I'd like to spout my tech credentials but I think it would be patronising, but 19 years and a majority in serious C++ dev, and working at the very top pay bracket of the field - I think I am qualified to have an opinion. I still work as a top end senior developer/manager.

I respect Jeff Atwood's blog immensely, his blog is great.

And so, I can't understand how this place is made a haven, positively incentivised for disruption, for the people who have no answers and only want to pollute the discourse.

The most silly thing I see in general is that a genuinely hard question, something that really needs the collective good to contribute to, never gets any votes and frequently submerges underneath questions which regard IDisposable or the operation of virtual destructors in C++ - pathetic really.

But a post (or an answer to) "what are the best lessons you've learnt from comments you've read in code you've worked on?" gets gazillions of votes for the questioner or reader. Some answerer rise immediately in stackoverflow status for a comment regarding Klingons and Commander Data which takes the fancy of a bunch of scifi fans (for instance.)

In that sense, it's just a reddit for nerds (I do like reddit) rather than a site which encourages the contribution of the best to avail themselves. But the points system ends up being an offense to good sense if you have something on the sharp end to contribute.

I like my reddit distinguishable from my stackoverflow - otherwise I may have to start "IamA, AmA" and see how many stackoverflow votes I get for absolutely no technical contribution whatsoever.

I think my MBA degreed department manager could get more stackoverflow votes on here for asking the utterly inane, and wallowing in purile discussion.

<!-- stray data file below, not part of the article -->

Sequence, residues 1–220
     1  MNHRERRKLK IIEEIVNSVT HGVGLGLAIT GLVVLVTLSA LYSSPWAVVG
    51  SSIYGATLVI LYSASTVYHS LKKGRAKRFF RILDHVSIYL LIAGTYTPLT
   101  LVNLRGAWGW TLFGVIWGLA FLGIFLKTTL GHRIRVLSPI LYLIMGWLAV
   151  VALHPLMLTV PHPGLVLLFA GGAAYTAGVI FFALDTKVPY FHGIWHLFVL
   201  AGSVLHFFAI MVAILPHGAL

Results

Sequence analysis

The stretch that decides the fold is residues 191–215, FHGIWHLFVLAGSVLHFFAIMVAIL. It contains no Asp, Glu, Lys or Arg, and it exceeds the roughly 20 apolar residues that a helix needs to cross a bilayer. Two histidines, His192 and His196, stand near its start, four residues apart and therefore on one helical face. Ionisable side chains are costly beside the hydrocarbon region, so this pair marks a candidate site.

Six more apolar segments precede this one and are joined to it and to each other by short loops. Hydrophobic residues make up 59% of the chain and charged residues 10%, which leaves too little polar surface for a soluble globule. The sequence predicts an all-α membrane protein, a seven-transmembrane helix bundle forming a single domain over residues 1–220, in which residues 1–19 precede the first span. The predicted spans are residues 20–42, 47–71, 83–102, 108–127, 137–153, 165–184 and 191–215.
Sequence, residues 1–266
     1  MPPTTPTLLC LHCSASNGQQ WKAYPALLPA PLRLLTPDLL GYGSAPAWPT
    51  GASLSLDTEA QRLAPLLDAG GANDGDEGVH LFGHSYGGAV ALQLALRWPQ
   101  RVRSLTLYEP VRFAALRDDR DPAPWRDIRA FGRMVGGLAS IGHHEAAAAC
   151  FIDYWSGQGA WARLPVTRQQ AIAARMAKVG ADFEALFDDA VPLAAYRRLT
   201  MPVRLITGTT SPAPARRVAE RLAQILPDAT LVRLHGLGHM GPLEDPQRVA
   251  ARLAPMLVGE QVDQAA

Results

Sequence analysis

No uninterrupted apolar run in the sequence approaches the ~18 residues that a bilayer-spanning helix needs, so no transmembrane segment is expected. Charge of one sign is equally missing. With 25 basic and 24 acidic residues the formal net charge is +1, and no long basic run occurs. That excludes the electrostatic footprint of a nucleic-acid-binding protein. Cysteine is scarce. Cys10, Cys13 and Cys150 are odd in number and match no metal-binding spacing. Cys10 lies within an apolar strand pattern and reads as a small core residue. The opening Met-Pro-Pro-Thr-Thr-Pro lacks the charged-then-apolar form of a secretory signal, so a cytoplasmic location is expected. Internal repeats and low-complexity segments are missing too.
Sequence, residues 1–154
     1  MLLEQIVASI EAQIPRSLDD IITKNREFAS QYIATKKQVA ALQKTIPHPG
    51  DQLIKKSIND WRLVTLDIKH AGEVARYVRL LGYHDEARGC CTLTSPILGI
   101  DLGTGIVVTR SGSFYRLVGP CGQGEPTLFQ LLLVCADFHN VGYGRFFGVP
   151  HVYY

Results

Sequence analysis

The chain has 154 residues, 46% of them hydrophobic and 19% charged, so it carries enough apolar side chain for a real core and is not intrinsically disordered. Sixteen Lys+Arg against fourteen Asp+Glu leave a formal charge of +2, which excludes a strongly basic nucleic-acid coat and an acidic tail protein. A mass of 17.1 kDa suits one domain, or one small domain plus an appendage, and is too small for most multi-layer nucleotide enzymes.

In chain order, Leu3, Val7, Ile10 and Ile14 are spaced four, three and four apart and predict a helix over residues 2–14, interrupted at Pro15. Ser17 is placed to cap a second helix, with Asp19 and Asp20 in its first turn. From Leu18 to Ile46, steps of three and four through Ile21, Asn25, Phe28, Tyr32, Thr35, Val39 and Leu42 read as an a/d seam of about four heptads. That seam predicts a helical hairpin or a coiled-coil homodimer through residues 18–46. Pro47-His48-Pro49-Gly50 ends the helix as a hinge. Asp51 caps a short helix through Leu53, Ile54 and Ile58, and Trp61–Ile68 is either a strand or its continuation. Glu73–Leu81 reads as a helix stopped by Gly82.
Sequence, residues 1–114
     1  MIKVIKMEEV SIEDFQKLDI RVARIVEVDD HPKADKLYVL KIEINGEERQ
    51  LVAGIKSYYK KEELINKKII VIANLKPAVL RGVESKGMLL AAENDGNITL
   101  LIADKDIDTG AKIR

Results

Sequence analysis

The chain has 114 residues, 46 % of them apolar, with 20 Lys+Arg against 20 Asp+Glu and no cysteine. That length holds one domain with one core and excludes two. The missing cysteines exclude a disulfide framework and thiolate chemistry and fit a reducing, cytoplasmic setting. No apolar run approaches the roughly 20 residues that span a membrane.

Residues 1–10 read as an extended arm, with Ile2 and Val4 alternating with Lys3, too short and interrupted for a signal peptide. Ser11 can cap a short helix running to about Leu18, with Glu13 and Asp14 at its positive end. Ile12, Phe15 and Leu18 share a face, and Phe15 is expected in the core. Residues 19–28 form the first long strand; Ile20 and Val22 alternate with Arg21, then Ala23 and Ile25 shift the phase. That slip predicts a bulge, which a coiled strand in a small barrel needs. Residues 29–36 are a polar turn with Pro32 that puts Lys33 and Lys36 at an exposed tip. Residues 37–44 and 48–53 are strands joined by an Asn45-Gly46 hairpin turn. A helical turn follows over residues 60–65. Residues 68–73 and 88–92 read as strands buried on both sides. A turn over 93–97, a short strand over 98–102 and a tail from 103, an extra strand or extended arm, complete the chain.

I had to argue extensively to some folks about how a (smart) pointer to heap memory was significantly different to a vector (particularly that default copy semantics meant buffer copying was inevitable.)

It was a straightforward argument really, what is the difference between a stack allocated array and a dynamically allocated array. But they went back and forth for 20 responses and still gave the points to someone that wanted to allocate BITMAPS!!!! of massive screenshot dumps!!!! in vector !!!

How would I ever have the points to be credible when you don't earn points for applying yourself to the hard things?

However, as I said months ago, the points scoring rules are there to encourage gross participation - but this will be at the expense of the gifted and experienced in general, that can actually add rare value.

But maybe nobody's looking for rare value on here - and maybe it's meant to be beginner answers to beginner questions, asked ad-finitum.

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    What do you expect? People are going to vote up things that they themselves can understand. Questions which are using more esoteric languages or methodologies or are incredibly hard are not going to get the same type of audience. I'm sorry if that upsets you to the point of not using the site, but I don't know what else you are expecting from a community driven website. The content is going to directly reflect the people using it. – TheTXI Oct 13 '09 at 15:03